I’ve been thinking lately about how to best achieve a good exposure and the sharpest image possible while hand holding the camera. On a tripod when everything is locked down I’ll use ISO 100 or 200 and take it from there. That’s all fine and dandy if everything is static but it things are moving around or you are hand held and you want tack sharp, well you need to increase your shutter speed. A lot. The rule is 1 over the focal length you are using for example if you are using 100 mm then you would keep your shutter speed at 1/100th second or faster. Sometimes though that is just hard to do if you don’t have enough light so you either sacrifice your shutter speed and risk motion blur or you open up your aperture and lose the depth of field you wanted. But, you could increase your ISO setting and maintain that shutter speed and aperture setting.
I did some tests outside during lunch today just to see how the ISO effected the image when there is plenty of light and all you are trying to do is keep your shutter speed up there.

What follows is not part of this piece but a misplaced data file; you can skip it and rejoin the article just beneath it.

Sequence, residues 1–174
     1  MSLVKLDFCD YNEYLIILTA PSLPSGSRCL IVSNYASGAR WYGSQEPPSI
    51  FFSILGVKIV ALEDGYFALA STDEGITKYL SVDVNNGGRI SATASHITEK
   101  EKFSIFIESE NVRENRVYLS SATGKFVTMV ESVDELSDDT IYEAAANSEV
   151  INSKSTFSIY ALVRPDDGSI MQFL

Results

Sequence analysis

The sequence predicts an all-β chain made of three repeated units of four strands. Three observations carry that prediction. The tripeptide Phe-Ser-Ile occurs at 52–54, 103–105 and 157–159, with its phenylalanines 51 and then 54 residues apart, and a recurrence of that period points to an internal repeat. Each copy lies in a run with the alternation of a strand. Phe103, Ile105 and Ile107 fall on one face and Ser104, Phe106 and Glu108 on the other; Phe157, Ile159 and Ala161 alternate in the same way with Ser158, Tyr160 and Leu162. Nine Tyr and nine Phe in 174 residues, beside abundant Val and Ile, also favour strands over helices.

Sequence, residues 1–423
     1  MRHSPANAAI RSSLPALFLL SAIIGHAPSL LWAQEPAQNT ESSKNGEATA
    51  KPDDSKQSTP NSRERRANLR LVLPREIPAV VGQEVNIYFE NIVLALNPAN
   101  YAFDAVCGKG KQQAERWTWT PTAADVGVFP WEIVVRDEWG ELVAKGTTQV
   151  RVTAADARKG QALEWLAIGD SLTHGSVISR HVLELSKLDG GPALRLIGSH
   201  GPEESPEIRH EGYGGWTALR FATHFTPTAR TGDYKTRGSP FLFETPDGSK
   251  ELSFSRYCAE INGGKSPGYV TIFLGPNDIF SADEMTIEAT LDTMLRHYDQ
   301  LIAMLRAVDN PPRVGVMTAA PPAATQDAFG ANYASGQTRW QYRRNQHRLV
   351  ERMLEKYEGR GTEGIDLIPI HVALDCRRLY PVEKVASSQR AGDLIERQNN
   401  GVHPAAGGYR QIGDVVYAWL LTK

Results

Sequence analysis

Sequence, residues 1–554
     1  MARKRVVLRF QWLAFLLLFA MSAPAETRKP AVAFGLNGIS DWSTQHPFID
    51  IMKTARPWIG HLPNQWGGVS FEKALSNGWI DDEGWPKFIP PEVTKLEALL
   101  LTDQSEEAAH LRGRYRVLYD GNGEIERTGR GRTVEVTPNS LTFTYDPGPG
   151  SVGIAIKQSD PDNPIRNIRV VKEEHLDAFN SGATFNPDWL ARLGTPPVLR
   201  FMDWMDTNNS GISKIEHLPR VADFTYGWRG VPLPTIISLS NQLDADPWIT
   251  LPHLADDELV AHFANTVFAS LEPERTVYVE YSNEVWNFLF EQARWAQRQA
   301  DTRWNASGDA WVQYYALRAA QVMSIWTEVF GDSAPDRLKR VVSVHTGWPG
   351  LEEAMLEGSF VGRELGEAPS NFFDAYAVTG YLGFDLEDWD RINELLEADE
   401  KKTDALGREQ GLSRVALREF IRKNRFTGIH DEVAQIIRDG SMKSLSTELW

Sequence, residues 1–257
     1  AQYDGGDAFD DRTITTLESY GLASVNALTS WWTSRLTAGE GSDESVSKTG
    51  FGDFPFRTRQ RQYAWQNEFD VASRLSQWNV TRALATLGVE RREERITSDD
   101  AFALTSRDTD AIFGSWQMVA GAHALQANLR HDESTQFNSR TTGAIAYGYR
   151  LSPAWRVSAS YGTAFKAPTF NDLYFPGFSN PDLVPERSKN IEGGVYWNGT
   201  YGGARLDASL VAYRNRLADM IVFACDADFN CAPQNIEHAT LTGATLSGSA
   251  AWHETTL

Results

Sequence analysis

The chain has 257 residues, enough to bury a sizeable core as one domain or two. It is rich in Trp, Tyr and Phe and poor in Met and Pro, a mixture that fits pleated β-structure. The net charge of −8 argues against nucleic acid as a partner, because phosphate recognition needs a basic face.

Now, you may notice that there is not really much of a difference in these photos. That’s the point really. The higher ISO values didn’t significantly increase the noise in the images. Not even at ISO 3200! That’s because there was plenty of light and no really dark shadows in the scene. Believe me ISO 3200 in my house is a much different look.
So what then is the point of this post? Well, Look at the shutter speeds. For ISO 100 I was at 1/200 sec which for my zoom of 270mm is a bit low. I should be at 1/400 sec at least given that 270mm is like 432mm on a crop sensor camera like my 50D. I didn’t get that shutter speed until ISO 200. That’s going to give me a pretty good sharp image if everything is still. But it wasn’t it was a bit breezy out and this weed was swaying a little in the breeze. Still the ISO 200 image looks pretty good.
What’s got me excited is the fact that even at ISO3200 the image is still fairly clean and sharp. With this new information in my head I will be more inclined to up the ISO when shooting the kids playing around jumping off things, water skiing, etc. Sporting events will be sharper and cleaner for me now too. I’ve heard that you should keep the ISO as low as you can to get the cleanest possible image and I agree but if you need to increase your shutter speed to stop that action or stop that coffee you had from introducing unwanted camera shake don’t be afraid to push up the ISO. Most of today’s DSLR’s are more than capable of producing a clean image at ISO 1600 and up.
One thing I noticed with my 50D is that ISO 400 to ISO 1600 look the best but would not be afraid of ISO 3200 outside if I needed it. Next I’m going to test the expanded ISO settings of 6400 and 12800. I’m not holding my breath on those.